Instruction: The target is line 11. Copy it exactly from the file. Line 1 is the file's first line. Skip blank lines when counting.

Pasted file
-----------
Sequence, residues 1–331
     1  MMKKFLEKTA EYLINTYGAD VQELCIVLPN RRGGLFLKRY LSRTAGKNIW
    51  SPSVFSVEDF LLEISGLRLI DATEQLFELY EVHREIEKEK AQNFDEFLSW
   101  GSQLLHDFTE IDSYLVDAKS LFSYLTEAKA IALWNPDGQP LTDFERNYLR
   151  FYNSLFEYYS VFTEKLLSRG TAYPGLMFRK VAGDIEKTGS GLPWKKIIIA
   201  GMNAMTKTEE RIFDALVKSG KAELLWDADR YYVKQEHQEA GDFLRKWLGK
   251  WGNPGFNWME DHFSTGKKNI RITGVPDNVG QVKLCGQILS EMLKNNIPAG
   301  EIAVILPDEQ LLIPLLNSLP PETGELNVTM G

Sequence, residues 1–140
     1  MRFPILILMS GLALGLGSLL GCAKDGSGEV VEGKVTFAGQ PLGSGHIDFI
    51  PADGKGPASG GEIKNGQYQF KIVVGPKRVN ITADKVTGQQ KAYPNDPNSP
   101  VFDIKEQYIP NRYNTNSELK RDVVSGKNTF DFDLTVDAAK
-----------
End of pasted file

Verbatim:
    51  PADGKGPASG GEIKNGQYQF KIVVGPKRVN ITADKVTGQQ KAYPNDPNSP